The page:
In Kenya, the specter of drought is never far from the minds of the millions who make their living on the farm.
Agriculture is Kenya's most important product. The industry employs nearly three quarters of the country's workers and accounts for almost one fifth of the nation's gross domestic product.
Drought threatens the livelihoods of tens of millions in Kenya, but those most at risk are the millions who farm simply to survive. For those farmers, drought is both an economic risk and a life threatening event.
Many subsistence farmers in Kenya invest their life savings into each harvest, and a single season of light rain can set a family back for years.
In 2007, unusually low rainfall triggered a food shortage, sending food prices up and prompting calls for price controls. The effects of that drought continued through late 2009, when unusually heavy rains provided a rare surplus for the country.
In east Africa, serious drought is expected about once per decade. But recent reports of a La Nina weather system in the Pacific have many predicting yet another season of insufficient rain.
To protect against such uncertainty, small farmers often plant different seed varieties to guarantee at least some returns on their investment. Planting different types of drought resistance crops can help cover risk, but lead to reduced yields and keep farmers living from season to season.
Harvest insurance can protect against crop failures, but such services are expensive and typically unavailable to farmers. Insurance premiums can reach thousands of dollars, while many small farmers invest less than $100 in each season's crop. Small farmers often work in remote areas, making site visits by insurance companies difficult and expensive.
But through a new partnership between UAP Insurance, telecommunications firm Safaricom and Swedish non-profit Syngenta, Kenyan farmers can buy insurance on seed and fertilizer to protect against potential losses.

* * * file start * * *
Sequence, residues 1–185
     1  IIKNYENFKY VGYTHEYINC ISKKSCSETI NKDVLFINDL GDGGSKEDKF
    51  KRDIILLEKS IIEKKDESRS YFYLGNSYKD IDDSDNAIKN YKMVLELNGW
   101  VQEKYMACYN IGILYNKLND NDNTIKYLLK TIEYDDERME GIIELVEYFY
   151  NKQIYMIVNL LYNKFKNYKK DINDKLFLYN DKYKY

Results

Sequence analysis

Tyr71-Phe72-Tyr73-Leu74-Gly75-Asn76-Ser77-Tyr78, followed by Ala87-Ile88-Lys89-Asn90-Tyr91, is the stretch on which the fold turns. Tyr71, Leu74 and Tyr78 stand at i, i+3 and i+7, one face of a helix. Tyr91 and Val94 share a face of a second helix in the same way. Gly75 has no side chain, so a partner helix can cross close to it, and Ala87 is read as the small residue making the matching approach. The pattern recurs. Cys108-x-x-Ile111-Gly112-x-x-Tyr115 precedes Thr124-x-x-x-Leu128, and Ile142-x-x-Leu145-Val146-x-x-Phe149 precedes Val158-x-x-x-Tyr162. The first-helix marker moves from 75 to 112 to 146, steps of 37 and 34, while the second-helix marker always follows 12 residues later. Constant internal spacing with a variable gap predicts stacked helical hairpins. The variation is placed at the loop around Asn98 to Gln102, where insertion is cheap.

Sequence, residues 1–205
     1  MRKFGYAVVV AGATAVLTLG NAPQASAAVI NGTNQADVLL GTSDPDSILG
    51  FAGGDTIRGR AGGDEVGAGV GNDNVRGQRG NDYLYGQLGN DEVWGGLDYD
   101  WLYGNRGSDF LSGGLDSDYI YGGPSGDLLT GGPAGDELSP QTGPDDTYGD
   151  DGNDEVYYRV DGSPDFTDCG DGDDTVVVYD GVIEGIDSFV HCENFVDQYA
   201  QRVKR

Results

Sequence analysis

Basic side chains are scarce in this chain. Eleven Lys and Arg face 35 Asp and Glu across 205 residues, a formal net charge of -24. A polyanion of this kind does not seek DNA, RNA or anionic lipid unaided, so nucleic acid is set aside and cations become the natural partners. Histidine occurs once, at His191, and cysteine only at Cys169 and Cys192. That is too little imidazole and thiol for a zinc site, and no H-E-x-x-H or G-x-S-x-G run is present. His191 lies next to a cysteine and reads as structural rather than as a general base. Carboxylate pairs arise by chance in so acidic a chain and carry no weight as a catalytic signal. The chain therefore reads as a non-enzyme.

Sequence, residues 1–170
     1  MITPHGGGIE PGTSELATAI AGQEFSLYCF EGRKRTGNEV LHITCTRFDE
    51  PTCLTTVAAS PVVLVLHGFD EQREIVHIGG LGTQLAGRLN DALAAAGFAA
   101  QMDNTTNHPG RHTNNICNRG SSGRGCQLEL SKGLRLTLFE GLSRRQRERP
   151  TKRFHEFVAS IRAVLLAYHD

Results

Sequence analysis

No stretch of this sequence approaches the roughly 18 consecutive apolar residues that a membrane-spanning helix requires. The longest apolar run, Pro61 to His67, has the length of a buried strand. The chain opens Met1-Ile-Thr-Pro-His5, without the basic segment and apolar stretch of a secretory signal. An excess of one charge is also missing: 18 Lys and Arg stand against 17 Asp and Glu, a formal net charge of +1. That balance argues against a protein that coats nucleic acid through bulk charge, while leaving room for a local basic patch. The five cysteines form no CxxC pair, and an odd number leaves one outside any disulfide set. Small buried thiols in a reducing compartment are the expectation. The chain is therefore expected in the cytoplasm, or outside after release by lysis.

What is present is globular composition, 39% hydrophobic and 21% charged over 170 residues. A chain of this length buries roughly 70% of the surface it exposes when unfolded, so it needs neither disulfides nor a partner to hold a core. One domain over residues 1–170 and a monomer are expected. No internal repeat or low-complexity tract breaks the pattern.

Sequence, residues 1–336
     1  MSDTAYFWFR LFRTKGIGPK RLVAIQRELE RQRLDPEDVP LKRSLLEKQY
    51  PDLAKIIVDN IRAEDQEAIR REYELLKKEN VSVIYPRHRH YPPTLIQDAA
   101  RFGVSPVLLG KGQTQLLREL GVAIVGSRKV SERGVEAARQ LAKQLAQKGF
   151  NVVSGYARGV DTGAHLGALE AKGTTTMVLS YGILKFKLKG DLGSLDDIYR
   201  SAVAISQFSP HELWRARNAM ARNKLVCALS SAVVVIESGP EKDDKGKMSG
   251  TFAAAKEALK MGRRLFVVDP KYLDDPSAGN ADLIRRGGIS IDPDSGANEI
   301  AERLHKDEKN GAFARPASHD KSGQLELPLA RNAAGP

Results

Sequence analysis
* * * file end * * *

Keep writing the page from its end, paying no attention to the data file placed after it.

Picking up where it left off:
The product, called Kilimo Salama - which means "safe agriculture" in Swahili - harnesses mobile technology and new agricultural technology to provide insurance on a smaller scale.
Instead of insurance inspectors, Kilimo Salama has installed stations across the country that measure weather patterns and predict how harvests will be affected. These unmanned stations wirelessly transmit data to a central database that is used to calculate losses and distribute payments to farmers.
According to Sygenta spokesperson Rose Goslinga this method, known as weather indexing, provides an efficient and cost effective way of calculating risk on small farms.
"That weather station measures what goes on, on the farmers' fields and is essentially a representation of the insurance. So you do not have to send anybody to go and check what happens on the farm," she said. "This means you reduce your transaction costs. Instead of having to go and visit, you now can see 100 farmers, who all maybe have one acre and measure what goes on, on their farm."
Another unique aspect of the insurance is the way in which farmers are paid. When weather stations detect a potential crop loss, insurance payments are automatically made to farmers via mobile phone.
The product utilizes Safaricom's heralded M-Pesa service, which allows customers to send and store money with mobile phones. On July 21, Kilimo Salama made its first payouts via M-Pesa. The average payout was around $22, though some were as small as $1 and others as large as $3,500.
Through mobile phones, Kilimo Salam also provides updates to farmers as well as tips for growing crops in challenging regions.
Kilimo Salama is still in development, but the program appears to be catching on. First launched in 2009, around 200 farmers were insured. This year, the program covers approximately 11,000 farmers across Kenya.
A farmer from Siakago in Kenya's Eastern Province, Lydia Njagi, first tried Kilimo Salama insurance out of curiosity.
Njagi says she initially insured around $5 worth of seed before the current growing season. After weather stations predicted a 15 percent reduction in crop yields Njagi received an initial payment of around one dollar, with more to come if the weather trends continue. Njagi told VOA she was initially skeptical of the product, but would insure more of her crop for the next season.
Many of Siakago's farmers told VOA they were happy with the Kilimo Salama program, and many more could be seen lining up to purchase the insurance for the first time.
While the insurance program is only available for seed and fertilizer produced by brands certified by the group, Goslinga told VOA the group planned to expand the project and open it up to other producers in the future.
Kilimo Salama has 30 weather stations that cover climate zones about 15 to 20 kilometers in area. Only five areas in Kenya are currently covered, but the group hopes to build an additional 50 stations this year to cover more farmers by the start of the next season.